The landscape around the church is of important significance and this is featured in the design and detail of the window. Within the centre light at the top is a glowing area of blue. This area is representative of the Devil’s Punchbowl. Below these blues lie tinted greens forming a backdrop across the whole three windows being interspersed with yellows. The flames offer a strong yet lapping movement upwards through the lights and will be of orangey reds and yellows, interspersed with colours of the landscape; purples for heather, pinks for coniferous woodland.
Within each light there is a small cameo taken from the local landscape. The left hand window contains a spray of heather in a bed of purple and violets. The centre window shows a representation of oak leaves and acorns surrounded by deciduous greens; symbolic of one of the trees that were considered when building the cross and considered a wood of endurance and strength of faith and virtue. It is also the emblem of the National Trust who oversee a lot of the local landscape. In the right hand window and set in a brown tinted background is a gorse branch, again a plant found on the heath and a representative of the fragrance and beauty of the open heath-land.
Below the inclusions are the words, “ Rejoice in the Lord Always” and below the centenary dates 1900-2000.

Photo of window of south aisle of St Lukes Church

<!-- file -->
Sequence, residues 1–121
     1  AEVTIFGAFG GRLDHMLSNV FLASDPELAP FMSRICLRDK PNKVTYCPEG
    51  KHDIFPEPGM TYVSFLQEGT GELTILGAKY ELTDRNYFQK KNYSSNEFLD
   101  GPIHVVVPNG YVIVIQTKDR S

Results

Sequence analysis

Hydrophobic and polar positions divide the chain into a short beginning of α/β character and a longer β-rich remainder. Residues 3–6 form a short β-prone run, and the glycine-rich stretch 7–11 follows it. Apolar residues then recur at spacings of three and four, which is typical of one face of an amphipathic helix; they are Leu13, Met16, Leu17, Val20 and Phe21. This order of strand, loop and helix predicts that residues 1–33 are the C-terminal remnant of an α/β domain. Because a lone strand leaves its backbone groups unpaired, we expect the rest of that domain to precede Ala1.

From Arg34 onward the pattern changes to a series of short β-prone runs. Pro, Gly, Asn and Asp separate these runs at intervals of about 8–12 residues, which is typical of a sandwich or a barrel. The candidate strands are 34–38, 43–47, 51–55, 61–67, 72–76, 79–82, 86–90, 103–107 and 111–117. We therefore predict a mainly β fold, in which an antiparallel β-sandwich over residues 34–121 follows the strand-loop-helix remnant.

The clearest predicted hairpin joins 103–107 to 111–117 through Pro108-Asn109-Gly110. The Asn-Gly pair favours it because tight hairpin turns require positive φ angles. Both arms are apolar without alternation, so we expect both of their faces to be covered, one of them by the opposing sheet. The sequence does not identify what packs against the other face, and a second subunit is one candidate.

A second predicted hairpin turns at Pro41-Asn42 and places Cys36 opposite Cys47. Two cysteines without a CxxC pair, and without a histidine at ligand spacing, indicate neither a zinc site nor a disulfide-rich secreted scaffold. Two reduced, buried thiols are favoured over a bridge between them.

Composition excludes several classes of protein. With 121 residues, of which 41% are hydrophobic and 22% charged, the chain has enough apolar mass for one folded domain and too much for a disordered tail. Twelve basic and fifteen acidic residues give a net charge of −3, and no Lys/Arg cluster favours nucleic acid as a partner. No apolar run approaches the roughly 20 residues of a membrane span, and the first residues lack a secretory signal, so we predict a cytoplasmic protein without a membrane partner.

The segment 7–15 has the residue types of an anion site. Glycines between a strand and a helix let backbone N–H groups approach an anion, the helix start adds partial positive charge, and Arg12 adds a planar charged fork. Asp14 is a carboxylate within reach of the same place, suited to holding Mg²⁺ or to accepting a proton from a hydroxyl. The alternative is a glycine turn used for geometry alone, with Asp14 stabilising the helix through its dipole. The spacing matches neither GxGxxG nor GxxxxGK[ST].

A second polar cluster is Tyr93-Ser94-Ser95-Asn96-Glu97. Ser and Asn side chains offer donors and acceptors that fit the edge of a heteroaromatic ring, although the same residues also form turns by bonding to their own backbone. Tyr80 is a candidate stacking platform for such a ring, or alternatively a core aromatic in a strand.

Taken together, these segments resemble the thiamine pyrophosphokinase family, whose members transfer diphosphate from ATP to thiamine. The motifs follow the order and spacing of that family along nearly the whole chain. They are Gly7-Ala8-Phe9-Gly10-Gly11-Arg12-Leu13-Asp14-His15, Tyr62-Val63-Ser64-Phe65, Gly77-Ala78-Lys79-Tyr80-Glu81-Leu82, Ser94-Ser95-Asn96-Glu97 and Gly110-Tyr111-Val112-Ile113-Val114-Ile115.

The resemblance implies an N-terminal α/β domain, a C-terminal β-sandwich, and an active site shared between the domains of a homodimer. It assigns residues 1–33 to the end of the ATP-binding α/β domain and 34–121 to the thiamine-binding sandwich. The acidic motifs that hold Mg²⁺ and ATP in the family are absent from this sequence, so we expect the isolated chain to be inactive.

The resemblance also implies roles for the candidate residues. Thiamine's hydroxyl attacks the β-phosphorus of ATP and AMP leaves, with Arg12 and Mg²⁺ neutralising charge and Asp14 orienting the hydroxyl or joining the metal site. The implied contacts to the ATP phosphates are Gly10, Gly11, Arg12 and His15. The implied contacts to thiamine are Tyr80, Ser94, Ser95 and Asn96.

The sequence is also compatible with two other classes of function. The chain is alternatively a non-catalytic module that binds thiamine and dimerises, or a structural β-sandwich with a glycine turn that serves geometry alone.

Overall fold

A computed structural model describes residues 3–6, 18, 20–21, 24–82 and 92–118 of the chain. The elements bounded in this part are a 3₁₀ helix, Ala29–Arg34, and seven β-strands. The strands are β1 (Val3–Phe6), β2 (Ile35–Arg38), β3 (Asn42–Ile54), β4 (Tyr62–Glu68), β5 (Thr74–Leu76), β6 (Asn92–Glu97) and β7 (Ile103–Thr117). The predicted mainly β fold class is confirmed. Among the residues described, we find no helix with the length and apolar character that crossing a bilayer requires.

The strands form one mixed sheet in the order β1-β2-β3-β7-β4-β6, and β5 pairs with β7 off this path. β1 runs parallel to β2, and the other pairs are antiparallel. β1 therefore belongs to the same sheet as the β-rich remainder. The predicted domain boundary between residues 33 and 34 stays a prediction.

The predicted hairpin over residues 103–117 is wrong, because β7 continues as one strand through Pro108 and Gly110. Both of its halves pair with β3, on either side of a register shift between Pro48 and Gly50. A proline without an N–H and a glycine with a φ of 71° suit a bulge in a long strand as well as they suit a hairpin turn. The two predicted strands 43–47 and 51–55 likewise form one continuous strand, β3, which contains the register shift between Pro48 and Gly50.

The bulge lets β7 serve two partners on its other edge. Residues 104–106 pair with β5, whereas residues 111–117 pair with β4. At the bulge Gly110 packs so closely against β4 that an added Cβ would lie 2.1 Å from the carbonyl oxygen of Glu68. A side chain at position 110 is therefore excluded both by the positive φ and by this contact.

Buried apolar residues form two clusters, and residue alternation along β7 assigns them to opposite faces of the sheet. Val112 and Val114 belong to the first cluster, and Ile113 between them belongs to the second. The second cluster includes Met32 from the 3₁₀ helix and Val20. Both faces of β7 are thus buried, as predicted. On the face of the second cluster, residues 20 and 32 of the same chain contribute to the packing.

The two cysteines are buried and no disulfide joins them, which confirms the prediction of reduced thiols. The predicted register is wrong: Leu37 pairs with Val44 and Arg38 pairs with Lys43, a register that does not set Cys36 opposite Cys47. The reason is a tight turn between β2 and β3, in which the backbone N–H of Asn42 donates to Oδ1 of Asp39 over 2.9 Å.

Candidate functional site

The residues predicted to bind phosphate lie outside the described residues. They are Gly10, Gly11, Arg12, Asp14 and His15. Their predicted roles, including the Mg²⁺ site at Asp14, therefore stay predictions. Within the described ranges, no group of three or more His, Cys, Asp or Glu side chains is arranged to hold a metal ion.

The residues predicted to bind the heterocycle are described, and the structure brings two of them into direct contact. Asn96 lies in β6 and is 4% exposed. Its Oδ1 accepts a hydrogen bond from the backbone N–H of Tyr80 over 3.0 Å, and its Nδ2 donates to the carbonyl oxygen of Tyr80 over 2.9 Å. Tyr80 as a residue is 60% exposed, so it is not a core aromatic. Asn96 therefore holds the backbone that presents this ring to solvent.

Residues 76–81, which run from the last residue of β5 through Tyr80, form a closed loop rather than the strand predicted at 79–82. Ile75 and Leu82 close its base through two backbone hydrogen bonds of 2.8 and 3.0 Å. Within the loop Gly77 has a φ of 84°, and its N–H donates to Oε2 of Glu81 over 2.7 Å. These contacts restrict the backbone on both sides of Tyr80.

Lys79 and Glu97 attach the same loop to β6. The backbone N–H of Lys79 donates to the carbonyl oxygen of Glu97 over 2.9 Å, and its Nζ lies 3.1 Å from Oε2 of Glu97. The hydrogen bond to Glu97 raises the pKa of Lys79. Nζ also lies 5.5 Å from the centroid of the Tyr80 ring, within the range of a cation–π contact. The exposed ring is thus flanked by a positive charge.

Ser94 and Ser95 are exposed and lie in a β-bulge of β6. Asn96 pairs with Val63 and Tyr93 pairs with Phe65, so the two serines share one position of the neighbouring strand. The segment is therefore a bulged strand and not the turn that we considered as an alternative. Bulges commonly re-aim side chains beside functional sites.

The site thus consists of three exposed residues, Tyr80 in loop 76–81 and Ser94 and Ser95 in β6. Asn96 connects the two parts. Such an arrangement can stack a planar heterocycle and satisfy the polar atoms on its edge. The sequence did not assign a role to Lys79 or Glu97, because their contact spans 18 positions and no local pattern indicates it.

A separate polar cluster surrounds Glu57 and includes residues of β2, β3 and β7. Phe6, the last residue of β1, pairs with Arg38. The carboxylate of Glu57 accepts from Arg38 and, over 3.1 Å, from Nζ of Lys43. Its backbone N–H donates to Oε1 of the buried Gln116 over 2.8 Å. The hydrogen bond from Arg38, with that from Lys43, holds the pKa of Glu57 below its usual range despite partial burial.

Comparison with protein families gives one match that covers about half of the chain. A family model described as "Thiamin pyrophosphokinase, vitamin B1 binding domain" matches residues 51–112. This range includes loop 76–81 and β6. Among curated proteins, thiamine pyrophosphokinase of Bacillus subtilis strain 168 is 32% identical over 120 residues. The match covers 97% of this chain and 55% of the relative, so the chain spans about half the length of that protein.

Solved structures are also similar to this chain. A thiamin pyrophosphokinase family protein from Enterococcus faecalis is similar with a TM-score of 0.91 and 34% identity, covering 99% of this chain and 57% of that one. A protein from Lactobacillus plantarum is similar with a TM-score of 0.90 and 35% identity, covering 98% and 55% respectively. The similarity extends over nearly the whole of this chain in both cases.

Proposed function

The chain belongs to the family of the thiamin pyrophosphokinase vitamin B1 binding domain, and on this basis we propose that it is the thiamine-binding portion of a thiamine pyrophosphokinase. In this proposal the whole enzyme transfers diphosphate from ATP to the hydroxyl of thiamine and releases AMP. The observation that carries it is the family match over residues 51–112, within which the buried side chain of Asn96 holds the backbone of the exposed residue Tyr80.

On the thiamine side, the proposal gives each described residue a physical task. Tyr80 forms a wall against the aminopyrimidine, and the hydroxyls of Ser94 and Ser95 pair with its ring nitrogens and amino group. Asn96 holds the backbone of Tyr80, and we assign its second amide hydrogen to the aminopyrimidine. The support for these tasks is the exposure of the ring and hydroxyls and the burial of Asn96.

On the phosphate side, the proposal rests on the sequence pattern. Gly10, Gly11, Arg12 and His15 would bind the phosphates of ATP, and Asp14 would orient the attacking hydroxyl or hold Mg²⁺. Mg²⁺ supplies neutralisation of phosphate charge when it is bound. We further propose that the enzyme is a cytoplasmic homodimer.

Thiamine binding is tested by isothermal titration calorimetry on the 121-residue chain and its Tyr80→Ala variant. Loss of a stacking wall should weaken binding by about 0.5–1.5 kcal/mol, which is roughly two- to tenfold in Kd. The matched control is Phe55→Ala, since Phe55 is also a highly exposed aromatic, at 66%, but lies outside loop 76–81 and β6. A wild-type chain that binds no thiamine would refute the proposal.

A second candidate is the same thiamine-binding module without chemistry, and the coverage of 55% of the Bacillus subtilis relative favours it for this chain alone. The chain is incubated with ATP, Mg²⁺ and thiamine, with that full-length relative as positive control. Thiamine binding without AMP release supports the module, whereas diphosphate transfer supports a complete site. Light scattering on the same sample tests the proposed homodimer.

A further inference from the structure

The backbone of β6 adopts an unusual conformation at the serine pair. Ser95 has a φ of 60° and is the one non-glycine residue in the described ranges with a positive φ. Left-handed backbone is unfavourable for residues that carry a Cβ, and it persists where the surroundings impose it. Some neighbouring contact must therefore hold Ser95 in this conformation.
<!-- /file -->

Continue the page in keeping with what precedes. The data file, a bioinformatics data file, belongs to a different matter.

Depicting:

Adoration of the Shepherds

Designer:

J. Hodges

Cartoonist:

A. F. Erridge

Manufacturer:

James Powell & Sons-(signed)

Memorial to:

Katherine May Lowry

Date:

1936

North Aisle-East to West

Photo of window on north aisle of St Lukes Church

Depicting:

St Peter, Christ and St Paul

Designer:

Jessie Bayes

Manufacturer:

Goddard & Gibbs

Memorial to:

Rev. James M. Jeakes and Albert Simms-Vicars of St Luke’s:1901-1907 & 1908-1926.

Date:

1961

 

Photo of window on north aisle of St Lukes Church

Depicting:

St Augustine of Canterbury, St Francis of Assisi, St Hilda of Whitby

Designer:

Jessie Bayes

Manufacturer:

Goddard & Gibbs

Memorial to:

Marjory Pearman

Date:

1955

 

Photo of window on north aisle of St Lukes Church

Depicting:

St Matthew, St John the Divine, St Mark

Designer:

Jessie Bayes

Manufacturer:

Goddard & Gibbs

Memorial to:

Theodore Pearman

Date:

1956

 

Photo of window on north aisle of St Lukes Church

Depicting:

St Clement, St Elizabeth, St Martin

Designer:

Joseph Wilson Forster

Memorial to:

C. E. Lowry

Date:

1926

 

Photo of window on north aisle of St Lukes Church

Depicting:

St Patrick, St David, St Margaret

Designer:

Jessie Bayes

Manufacturer:

Goddard & Gibbs

Memorial to:

Robert C. Duggan

Date:

1962


Brian Tapp
Grayshott Village Archive

Related GVA Articles:
The early years of St Luke’s Church
The Churchyard of St Luke’s & Other Memorials
History of St Luke's Church